People seem to be curious about some of the images created here at the gallery. They ask about how they were done and then tell me it can't be done (whatever it is that was done) like that. I find that a tad strange, because they, typically, are holding the print in their hands while they're saying "you can't do that".
A good example is a print by "the better half". She had this beautiful 16 x 20 print of a corn field, a set of three silos and a cloud filled sky. With the print in hand, a self announced professional gushed over the image, noting that individual kernels of corn could be seen. He commented on the sharpness, the detail, the subtle coloring, gush, gush gush. He asked how many megapixels the camera had. When told the print he had in his hands was from a 4 megapixel point and shoot his immediate reaction was that you couldn't make a 16 x 20 print from a 4 megapixel file. News flash, if you're willing to pay for something, someone will be willing to produce it. I'm pretty sure he would have quit photography all together if he knew the image had been sent out for printing at 150 PPI. Too many people are confused by PPI versus DPI and don't understand the relationship (note to self: subject for another post). To hear about how this all relates to today's image, follow the "read more".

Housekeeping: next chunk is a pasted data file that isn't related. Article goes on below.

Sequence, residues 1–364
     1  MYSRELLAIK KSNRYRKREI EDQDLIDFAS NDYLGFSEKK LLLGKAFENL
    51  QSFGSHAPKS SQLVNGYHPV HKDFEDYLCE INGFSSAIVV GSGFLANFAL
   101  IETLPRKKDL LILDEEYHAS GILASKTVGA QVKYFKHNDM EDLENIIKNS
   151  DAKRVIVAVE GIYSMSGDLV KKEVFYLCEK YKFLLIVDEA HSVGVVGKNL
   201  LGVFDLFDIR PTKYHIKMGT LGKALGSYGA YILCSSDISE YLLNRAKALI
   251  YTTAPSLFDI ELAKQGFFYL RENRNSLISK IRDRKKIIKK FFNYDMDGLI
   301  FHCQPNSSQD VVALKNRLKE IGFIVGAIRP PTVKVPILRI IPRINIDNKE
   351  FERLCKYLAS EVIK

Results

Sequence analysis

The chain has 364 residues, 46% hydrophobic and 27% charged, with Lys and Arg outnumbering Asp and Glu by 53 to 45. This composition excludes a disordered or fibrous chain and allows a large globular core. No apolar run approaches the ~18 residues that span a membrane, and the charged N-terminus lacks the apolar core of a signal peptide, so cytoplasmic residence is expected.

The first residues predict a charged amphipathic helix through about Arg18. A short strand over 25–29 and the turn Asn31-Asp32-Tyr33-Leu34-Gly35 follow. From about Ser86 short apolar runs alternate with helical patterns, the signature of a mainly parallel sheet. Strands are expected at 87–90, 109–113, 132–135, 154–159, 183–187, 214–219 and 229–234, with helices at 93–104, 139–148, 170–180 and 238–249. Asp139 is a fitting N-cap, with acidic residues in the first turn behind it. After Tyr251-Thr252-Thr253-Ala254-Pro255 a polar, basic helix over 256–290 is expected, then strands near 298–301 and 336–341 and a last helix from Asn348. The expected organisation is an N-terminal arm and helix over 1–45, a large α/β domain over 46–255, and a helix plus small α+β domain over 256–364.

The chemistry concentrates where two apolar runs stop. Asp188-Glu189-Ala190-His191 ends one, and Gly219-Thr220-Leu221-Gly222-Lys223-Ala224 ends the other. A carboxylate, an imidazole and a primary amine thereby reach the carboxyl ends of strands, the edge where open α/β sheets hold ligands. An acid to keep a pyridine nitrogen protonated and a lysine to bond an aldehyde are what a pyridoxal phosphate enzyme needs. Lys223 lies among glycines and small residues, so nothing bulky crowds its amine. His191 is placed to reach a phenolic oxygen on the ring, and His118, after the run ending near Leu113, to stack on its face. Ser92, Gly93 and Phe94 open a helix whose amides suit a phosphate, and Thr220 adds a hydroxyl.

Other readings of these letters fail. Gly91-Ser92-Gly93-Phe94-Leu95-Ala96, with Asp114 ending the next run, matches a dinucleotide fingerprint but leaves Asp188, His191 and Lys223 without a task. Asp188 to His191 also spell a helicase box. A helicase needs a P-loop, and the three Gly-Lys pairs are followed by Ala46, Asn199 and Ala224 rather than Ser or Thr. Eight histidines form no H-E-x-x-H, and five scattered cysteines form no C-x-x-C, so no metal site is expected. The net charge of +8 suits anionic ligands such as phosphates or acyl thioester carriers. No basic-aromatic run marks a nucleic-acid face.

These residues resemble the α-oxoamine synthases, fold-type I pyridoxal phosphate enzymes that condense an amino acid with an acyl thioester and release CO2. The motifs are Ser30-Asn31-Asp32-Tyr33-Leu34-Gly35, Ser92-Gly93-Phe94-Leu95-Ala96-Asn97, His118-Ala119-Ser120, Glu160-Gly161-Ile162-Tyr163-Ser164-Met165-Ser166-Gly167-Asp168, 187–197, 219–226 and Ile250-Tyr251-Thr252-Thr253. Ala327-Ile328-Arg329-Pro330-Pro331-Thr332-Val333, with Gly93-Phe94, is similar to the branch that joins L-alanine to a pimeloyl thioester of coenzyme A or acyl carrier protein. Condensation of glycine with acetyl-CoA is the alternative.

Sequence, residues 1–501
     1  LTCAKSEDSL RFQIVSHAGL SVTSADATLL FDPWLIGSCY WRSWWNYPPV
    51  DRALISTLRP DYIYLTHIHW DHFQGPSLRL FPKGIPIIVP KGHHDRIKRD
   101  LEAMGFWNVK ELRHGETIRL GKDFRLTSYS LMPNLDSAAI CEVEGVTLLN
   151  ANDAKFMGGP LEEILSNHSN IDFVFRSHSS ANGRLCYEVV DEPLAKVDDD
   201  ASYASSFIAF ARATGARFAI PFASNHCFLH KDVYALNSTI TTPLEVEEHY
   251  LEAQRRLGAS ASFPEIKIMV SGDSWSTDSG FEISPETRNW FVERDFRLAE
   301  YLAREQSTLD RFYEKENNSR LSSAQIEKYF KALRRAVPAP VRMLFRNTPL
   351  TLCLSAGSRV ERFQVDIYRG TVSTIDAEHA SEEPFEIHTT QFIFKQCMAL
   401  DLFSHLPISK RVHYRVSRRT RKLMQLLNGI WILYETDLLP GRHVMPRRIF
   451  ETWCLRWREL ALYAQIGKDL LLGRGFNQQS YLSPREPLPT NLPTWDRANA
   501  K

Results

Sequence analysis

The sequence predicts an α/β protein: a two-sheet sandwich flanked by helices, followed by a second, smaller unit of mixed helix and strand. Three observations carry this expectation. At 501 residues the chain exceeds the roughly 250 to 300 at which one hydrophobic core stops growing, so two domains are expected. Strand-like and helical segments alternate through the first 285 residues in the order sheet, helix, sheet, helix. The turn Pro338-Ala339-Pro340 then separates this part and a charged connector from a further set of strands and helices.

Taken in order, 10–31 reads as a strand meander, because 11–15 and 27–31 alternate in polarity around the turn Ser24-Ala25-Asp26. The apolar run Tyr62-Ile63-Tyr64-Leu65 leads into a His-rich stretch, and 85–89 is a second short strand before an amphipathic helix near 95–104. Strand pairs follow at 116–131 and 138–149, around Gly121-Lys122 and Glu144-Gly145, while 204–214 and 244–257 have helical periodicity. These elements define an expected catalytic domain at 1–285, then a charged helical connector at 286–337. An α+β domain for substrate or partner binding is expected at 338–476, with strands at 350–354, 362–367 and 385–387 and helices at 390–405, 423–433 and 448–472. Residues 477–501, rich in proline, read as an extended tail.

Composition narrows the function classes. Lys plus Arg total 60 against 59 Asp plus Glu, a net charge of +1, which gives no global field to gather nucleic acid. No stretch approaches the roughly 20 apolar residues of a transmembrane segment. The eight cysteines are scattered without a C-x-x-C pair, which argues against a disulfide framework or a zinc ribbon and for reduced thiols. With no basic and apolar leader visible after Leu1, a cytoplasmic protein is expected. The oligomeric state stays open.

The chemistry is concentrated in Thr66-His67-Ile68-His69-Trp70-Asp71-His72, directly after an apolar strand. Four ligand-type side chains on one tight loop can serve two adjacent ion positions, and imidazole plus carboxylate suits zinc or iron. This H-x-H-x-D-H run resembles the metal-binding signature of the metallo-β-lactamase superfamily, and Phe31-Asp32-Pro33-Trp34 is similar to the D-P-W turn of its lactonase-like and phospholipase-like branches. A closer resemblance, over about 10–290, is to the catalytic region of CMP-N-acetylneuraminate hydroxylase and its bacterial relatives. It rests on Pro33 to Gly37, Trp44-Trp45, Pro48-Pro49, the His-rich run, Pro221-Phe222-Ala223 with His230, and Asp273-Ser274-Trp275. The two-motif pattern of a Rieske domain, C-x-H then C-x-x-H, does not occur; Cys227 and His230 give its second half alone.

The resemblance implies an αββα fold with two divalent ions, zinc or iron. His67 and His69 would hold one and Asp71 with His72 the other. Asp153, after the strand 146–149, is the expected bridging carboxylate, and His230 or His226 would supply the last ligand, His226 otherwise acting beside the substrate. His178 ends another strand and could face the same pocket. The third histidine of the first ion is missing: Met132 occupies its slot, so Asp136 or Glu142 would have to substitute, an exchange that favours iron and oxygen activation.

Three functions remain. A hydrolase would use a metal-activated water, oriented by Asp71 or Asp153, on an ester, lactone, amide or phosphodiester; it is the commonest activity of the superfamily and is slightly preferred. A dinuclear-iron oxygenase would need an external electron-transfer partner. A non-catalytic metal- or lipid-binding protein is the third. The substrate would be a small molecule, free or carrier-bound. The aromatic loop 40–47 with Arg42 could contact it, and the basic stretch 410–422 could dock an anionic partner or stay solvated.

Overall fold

This is the third post on the blog about infrared imaging. When I show an infrared image, people ask if it's from a digital or an analog (film) camera, ask if I had the digital camera modified and then tell me I can't make an infrared image from an unmodified digital camera. I don't get it. They have a print in hand, I give them the lowdown and they tell me I can't do it that way. Am I missing something? Do people think I spend my nights dreaming up fanciful stories to trick them? Do they think I should be writing fiction? Maybe I could be the next JK Rawlings or Clive Cussler. Actually, I'd probably wind up being more like Michael Tougias, making true stories sound like high adventures. Whatever pipedreams I may have, I'm a photographer, not a writer. I'll keep buying Tougias' books and maybe one day he'll buy one of my prints. (Another pipedream I guess.)
Today's image was taken with a unmodified digital camera. The trade off between a modified and an unmodified camera, for infrared use is time. With a modified camera, on a sunny day you can handhold the camera. With the unmodified camera you haven't a prayer of handholding a shot. If you have a camera that has a B&W setting, you can go directly to a B&W infrared shot. If the camera doesn't have a B&W setting you'll end up with a R&W (red and white) image. In that case you can use any method you like to go to B&W. (There must be a dozen ways to do it.)
One giveaway for a lot of the digital B&W infrared I see is the lack of grain. Film infrared is, typically, pretty grainy. Luckily, Photoshop has an "Add Noise" filter. One of the effects of the "Add Noise" filter in today's image is to bring out the grass in the lower portion of the shot. Bonus!
I don't know. There's an old Irish blessing that talks about putting a smile on the faces of our friends and breaking the ankles of those who aren't friends so we'll know them by their limping when they're coming. Would make things easier.
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